1
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1answer
222 views

Artificial Gravity [closed]

Consider a structure that is in the shape as shown below rotating about an axis through its middle perpendicular to the long axis in order to provide artificial gravity. What would an ...
5
votes
3answers
233 views

Does unitarity imply conservation of energy?

Not too long ago, someone began to discuss the thinking and motivation behind the Lagrangian and its formalism for the Newtonian framework and an intuitive understanding of such formalism. Somehow, it ...
1
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0answers
79 views

Planatary motion of newtonian force [closed]

According to the Newtons gravity we can write, $$\vec F = \frac{\hat r_{12} G m_1 m_2 }{r_{12}^2}$$ and we are well known that this law satisfies the planetary motions. What changes will we see if we ...
0
votes
1answer
71 views

Evaluating $v$ for orbiting a golfball [closed]

The curvature of Mars is such that its surface drops a vertical distance of 2.0 meters for every 3600 meters tangent to the surface. In addition, the gravitational acceleration near its surface ...
1
vote
1answer
57 views

Calculating back-reaction forces for an ensemble of slowly moving, classical charges

Suppose you have a set of charges that are Newtonian (not quantum and not fast-moving) point particles. They are subject to known (but not necessarily constant) external forces ($F_{ext}$), as well as ...
0
votes
1answer
6k views

Rope tension between two objects [closed]

Let me explain the picture just to make sure. Object with mass 2 kg is being pulled with a force of F = 14.4 N. The whole system has an acceleration of a = 2.8 m/s^2. The friction coefficient ...
1
vote
0answers
491 views

elastic potential energy of a spring when compressed [closed]

A small ball with a mass of 1 kg rolls down a long frictionless inclined ramp, which is at an angle 30 degrees above the horizon. A linear spring, whose length is not negligible, is attached to the ...
1
vote
1answer
174 views

Determine if an object is in orbit

I am planning on doing a space simulation program with full physics and as part of a hack to avoid too many issues with number precision I was going to switch orbiting objects to a calculated orbit ...
3
votes
1answer
860 views

Can the velocity of the center of mass of two spheres change after a collision?

I'm curious as to whether or not the velocity of the center of mass of a system comprised of two spheres can change after the two spheres collide. Looking at the equation for the velocity of the ...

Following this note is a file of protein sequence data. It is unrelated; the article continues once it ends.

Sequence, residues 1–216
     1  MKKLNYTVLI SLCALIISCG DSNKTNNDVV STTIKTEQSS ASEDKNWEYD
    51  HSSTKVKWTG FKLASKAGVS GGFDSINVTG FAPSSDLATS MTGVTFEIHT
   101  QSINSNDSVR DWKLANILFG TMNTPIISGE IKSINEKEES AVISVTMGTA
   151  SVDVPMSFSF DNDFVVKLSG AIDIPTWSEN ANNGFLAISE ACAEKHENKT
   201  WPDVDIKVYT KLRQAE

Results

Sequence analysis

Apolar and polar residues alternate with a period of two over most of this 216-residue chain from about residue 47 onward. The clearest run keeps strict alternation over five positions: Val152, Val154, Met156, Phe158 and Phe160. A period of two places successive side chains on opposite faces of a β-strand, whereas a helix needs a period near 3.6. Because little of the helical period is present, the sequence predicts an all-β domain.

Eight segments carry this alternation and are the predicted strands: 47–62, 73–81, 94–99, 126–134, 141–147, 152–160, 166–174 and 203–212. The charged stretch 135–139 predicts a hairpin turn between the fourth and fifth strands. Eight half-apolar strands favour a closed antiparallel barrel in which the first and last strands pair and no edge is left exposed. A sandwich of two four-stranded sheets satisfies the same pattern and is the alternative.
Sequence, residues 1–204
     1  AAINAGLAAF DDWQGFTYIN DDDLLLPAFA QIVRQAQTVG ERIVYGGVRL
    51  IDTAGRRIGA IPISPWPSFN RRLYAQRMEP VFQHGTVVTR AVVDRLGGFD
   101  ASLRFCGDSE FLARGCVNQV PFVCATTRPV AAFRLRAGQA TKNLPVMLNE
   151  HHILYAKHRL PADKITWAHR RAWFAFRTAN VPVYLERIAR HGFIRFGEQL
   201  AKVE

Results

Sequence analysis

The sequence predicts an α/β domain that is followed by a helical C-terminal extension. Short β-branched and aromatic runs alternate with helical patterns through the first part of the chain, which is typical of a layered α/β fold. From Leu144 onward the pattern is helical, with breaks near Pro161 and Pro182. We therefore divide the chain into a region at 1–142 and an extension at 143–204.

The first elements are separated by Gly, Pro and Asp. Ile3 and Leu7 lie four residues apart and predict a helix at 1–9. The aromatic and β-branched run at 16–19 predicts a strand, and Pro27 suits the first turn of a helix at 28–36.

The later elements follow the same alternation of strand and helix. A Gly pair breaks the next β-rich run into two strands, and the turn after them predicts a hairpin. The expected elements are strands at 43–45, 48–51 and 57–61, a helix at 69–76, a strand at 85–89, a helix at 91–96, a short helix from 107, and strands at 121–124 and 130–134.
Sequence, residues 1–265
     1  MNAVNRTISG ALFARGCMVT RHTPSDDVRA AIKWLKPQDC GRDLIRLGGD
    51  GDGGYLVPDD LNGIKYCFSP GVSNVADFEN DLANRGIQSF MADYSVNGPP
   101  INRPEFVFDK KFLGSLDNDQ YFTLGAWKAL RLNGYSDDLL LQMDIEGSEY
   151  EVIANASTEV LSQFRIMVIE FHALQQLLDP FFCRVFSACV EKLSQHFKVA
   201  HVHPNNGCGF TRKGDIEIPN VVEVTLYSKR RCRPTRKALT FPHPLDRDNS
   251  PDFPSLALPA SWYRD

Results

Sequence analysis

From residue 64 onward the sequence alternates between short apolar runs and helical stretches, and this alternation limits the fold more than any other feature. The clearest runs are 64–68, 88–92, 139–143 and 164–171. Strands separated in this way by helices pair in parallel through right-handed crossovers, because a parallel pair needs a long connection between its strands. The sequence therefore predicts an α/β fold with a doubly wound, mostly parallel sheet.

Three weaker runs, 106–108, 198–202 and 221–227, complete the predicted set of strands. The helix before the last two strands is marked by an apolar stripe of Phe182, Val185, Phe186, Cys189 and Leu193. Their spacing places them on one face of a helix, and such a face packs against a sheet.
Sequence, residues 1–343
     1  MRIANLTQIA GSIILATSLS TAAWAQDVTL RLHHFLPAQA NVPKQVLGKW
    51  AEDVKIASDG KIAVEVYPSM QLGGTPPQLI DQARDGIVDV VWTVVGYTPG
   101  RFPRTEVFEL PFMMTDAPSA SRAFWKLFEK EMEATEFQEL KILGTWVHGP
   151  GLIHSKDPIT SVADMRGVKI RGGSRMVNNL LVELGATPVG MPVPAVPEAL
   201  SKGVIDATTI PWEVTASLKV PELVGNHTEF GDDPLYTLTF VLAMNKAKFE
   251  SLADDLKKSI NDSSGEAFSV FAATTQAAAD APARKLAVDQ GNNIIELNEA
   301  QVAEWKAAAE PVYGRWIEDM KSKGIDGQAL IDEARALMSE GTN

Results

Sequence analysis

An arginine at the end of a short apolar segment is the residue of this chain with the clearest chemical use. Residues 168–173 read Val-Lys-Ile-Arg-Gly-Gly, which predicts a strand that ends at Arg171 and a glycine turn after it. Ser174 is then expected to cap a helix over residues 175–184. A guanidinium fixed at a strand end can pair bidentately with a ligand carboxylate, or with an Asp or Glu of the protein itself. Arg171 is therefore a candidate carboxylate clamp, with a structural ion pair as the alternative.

5
votes
2answers
281 views

Normal force of ball sliding on concave surface

Imagine a ball is sliding along a surface shaped like $y=x^2$. Like , but please ignore the fact that the center of the ball is on the surface instead of the edge. When the ball is stationary, I can ...
1
vote
3answers
241 views

Does Newton's first law state something substantive, or is it merely describing a convention?

Newton's first law is often said to define what an inertial frame is - namely, a reference frame in which a body not acted on by a force will move with constant velocity. In other words, a frame where ...
0
votes
1answer
156 views

Forces on a helical screw?

The common screws which we use, are right handed helices, the simplest parametric equations of which are:- $$x(s)=\cos(s),y(s)=\sin(s),z(s)=s$$, with $z$-axis as the axis of the helix. My question ...
0
votes
3answers
537 views

Explanation of homogeneity of space and time by giving examples?

while reading landau lifshitz i came across these three terms:- homogeneity of space. homogeneity of time. isotropy of time. it will be a great help for me if someone can explain it to me by ...
0
votes
1answer
5k views

String tension in vertical circular motion

Suppose that I have a point mass attached to a massless string and I am rotating it vertically. That means The mass is in uniform circular motion and the path of its motion is vertical circle. How ...
1
vote
1answer
75 views

Impulse Response and Linearity

Lately in my physics class (2nd-year undergraduate) we've been learning about the impulse response of systems and using Green's Functions to model the response of a system to more complicated input ...
0
votes
1answer
142 views

Does angular momentum conservation imply that angular momentum $J$ is parallel to angular velocity $\omega$?

In other words, does $\frac{dJ}{dt} =0$ imply $J \times \omega =0$? Counterexamples or proofs would be helpful! EDIT: This question originally asked if $\frac{dJ}{dt} =0 \Leftrightarrow J \times ...
1
vote
3answers
277 views

conservation of momentum when a bullet hits a block

why momentum is conserved when a bullet hit a block horizontally even when force of bullet is acting on it and net external force is not zero ?
1
vote
1answer
502 views

Moment of Inertia and Rotational Dynamics? [closed]